As you know, even if commercial firms are willing to help solve national security problems, they face severe barriers to their participation in the defense market due to DOD’s unique acquisition processes, audit and oversight requirements, treatment of intellectual property, and security and export control constraints. … DFARS Case 2013-D034 is completely at odds with our shared priorities. This new regulation would likely deter privately held start-up companies from offering their products and services to DOD, because it would impose cumbersome and excessive bureaucratic requirements on these firms to provide detailed cost data for precisely the types of solutions that DOD needs. This rule would undermine the commercial item exemptions in existing law through a new percentage of market-based criteria that would significantly limit the use of commercial market pricing and price-based analysis to determine the reasonableness of price paid by DOD. This would create a major disincentive for high-tech commercial firms to venture into the development of innovative new defense capabilities—such as first-to-market cyber tools, disruptive solutions that compete with existing DOD systems, and products similar to those in the commercial marketplace but modified to meet national security needs—thereby denying them to our warfighters.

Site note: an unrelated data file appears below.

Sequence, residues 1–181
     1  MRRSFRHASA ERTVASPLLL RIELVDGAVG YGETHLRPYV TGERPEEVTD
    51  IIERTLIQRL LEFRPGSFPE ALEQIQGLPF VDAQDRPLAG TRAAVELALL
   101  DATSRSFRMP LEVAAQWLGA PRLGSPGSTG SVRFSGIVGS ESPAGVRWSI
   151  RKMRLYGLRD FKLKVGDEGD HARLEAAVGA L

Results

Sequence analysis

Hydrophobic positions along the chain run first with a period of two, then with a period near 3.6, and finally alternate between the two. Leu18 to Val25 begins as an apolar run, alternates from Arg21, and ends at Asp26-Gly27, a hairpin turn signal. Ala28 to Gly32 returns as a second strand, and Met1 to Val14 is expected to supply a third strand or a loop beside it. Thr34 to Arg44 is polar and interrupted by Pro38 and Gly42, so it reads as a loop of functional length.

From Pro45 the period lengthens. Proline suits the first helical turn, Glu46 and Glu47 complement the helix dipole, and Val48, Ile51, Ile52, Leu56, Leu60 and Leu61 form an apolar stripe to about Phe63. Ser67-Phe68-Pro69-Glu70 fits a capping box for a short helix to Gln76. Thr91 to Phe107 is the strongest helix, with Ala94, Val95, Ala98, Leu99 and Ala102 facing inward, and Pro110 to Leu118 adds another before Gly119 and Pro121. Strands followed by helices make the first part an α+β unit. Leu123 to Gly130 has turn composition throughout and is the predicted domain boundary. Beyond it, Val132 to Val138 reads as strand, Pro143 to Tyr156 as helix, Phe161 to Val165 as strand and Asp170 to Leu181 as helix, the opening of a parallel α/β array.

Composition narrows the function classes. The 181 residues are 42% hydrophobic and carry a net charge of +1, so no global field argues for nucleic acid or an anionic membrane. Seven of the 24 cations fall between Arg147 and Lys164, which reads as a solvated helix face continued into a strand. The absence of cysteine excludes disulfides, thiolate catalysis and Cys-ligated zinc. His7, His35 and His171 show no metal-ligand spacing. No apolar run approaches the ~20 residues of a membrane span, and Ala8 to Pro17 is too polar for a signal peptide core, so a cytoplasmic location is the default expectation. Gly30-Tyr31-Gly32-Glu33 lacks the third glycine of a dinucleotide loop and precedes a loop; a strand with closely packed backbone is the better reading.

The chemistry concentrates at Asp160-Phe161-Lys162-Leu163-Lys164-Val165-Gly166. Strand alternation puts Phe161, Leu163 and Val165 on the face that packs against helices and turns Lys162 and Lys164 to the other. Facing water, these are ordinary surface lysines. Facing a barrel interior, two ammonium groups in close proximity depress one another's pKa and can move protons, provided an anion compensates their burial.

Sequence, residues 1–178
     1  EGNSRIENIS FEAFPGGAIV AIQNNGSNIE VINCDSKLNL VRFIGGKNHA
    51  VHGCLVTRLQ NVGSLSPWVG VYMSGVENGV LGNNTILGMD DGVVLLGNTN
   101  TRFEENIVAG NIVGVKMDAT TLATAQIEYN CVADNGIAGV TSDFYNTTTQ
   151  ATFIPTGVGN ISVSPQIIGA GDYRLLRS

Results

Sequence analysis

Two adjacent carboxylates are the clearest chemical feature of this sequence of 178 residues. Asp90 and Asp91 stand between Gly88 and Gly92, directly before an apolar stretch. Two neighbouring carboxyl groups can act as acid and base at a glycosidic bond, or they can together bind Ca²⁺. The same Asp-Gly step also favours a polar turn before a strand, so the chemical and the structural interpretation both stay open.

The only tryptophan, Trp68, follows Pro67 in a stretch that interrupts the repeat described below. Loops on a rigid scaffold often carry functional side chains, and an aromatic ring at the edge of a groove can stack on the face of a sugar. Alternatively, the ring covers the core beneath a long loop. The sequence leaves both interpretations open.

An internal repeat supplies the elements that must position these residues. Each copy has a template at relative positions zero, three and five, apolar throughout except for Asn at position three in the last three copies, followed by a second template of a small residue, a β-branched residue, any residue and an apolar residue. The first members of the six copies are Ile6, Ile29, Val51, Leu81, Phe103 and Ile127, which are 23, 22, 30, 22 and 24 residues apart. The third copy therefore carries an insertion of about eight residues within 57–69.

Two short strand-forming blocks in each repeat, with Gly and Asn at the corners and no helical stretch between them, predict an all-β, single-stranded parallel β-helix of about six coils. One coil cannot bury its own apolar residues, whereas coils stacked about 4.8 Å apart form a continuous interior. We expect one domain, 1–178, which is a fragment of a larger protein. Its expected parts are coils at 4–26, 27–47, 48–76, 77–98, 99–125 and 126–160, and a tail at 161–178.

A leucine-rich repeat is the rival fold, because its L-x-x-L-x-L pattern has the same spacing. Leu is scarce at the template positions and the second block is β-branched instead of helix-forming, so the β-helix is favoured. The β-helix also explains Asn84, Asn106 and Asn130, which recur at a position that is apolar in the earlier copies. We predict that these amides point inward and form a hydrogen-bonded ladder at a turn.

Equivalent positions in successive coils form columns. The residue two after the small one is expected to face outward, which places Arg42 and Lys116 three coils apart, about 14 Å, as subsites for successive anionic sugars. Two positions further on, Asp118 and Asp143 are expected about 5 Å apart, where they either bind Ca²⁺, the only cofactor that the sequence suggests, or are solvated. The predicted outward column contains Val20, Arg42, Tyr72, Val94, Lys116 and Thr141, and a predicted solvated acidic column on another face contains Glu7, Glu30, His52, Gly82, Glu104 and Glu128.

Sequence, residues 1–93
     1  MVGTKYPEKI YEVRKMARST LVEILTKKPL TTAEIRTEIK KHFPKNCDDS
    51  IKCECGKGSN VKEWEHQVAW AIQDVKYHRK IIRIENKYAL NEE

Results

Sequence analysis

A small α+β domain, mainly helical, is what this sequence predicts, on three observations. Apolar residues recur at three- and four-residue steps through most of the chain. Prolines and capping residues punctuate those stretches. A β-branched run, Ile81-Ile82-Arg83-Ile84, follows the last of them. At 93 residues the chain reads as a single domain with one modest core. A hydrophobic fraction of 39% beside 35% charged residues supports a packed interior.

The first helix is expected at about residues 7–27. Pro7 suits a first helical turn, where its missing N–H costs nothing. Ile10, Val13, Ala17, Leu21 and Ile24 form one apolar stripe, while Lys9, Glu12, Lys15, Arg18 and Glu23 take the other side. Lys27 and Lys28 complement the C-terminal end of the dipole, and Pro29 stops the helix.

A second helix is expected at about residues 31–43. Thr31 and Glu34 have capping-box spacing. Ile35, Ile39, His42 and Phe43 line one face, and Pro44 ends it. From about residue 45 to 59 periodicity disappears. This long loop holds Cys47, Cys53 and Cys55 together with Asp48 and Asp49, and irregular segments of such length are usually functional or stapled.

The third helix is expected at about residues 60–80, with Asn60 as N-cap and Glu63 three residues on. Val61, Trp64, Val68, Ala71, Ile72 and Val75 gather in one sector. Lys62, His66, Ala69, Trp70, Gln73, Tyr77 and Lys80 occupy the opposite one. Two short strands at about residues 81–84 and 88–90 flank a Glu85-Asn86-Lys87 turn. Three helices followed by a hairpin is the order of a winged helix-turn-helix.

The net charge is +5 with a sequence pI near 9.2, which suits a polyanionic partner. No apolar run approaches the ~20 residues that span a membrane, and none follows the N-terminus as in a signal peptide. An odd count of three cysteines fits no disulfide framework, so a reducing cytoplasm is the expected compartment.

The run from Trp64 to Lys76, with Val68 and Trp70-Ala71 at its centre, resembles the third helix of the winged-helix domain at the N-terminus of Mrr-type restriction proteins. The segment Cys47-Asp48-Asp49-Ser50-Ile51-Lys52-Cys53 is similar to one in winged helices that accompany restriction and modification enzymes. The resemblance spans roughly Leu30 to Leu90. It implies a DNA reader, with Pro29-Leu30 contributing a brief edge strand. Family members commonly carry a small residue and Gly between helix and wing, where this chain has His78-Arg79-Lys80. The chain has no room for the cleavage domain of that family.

Put simply, this kind of red tape would effectively require high-tech commercial firms to build entirely new accounting systems just to do business with DOD, which is but a small fraction of their overall market share. That will not happen. Instead, this regulation sends a signal that DOD has little interest in realistic commercial acquisition practices and will continue to operate under its archaic, defense-unique, cost-based oversight system. This will drive our leading innovators away from DOD and continue the dangerous erosion of our defense technological advantage.